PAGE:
When it comes to choosing a new deer hunting rifle, it’s usually better to go with something that fits your taste rather than anything showy, stylish, or costly.
The ideal deer rifle does not exist. Consider how your 10-pound, heavy-barreled sniper rifle chambered in 7mm Rem. Mag. will pull you down in Idaho’s mountains if that seems strange. Or the Northwoods of Maine. Uncle John’s 10-acre woodlot, for example. Consider how inept you’d feel aiming an open-sighted lever-action weapon. Over 300 yards of chopped corn, it was a 30-30 tie.
Rifle action choices
The first factor to consider when choosing a deer rifle is the type of action you like. There are four options available.
Among today’s deer hunters, the bolt-action rifle is without a doubt the most popular option. A bolt-action rifle can handle the most powerful cartridges because it uses a bolt with locking lugs to seal the breach when the action is closed and ready to fire. Follow-up shots are quick in trained hands.
Another popular alternative is the autoloading, or semi-automatic, rifle, which comes in a variety of classic and modern designs (MSR). They are generally designated for shorter medium velocity cartridges, which are among the most popular for deer shooting, and give the advantage of a speedier follow-up shot.
The single-shot action is the last thing you should think about. While single-shot weapons are popular among adult deer hunters because they crack open easily to display an unloaded gun and can only contain one shot, there are a number of very accurate, complex single-shot firearms on the market that any adult deer hunter would appreciate.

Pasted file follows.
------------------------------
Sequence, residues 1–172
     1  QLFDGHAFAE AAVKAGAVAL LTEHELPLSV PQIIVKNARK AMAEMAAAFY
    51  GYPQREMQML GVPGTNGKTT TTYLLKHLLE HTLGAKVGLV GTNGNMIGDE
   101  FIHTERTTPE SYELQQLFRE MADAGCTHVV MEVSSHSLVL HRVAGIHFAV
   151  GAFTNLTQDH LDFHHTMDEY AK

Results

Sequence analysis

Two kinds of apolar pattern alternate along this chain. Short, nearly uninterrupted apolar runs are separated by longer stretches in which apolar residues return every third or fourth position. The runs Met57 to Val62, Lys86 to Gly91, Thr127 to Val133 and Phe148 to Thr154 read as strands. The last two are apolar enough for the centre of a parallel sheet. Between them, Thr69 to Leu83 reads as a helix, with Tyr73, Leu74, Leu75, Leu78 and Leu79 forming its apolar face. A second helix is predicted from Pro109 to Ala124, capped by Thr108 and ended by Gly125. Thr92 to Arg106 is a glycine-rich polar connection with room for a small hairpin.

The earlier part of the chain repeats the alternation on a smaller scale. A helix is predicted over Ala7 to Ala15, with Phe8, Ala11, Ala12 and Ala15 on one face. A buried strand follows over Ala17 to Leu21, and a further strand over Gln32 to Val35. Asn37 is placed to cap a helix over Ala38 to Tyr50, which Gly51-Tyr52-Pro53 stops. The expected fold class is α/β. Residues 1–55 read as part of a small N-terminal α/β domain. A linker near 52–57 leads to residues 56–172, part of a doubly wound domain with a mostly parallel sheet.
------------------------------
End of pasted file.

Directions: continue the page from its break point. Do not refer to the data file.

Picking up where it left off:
They’re lighter than bolt-action and semi-auto rivals, making them ideal for still hunters, stalkers, and people who want to hike miles through the woods. Many include a switch-barrel option, which allows you to fire multiple cartridges by simply switching out the barrel, which is useful for a variety of purposes.
While purchasing, you’ll come across deer rifles with a number of stock options. There will be the traditional wood stock, typically walnut, but there will also be laminate wood stocks that are both attractive and robust, and many rifles designed to withstand the demands of hunting in all weather conditions will have a synthetic or polymer stock. All are excellent choices, so it will be a matter of personal preference.
Just remember that synthetic stocks will outlast wood stocks in terms of weather resistance, but there’s something warm and comfortable about the feel of a walnut stock, and wood stocks are simpler for a gunsmith to modify length for a perfect fit. If you want the best of both worlds, a laminate wood stock is a wonderful compromise, providing a weather-resistant packaging while yet having the look and feel of real wood.
Stocks that don’t fit properly might lead to bad shooting habits due to increased perceived recoil, especially while training with the rifle. Any experienced firearms salesperson will advise you to shoulder any rifle you’re considering to check that the fit and balance are right for your frame. When testing fit in this manner, consider the weather in your region during deer season, as a thick hunting coat and layers below will have a significant impact on how your rifle fits.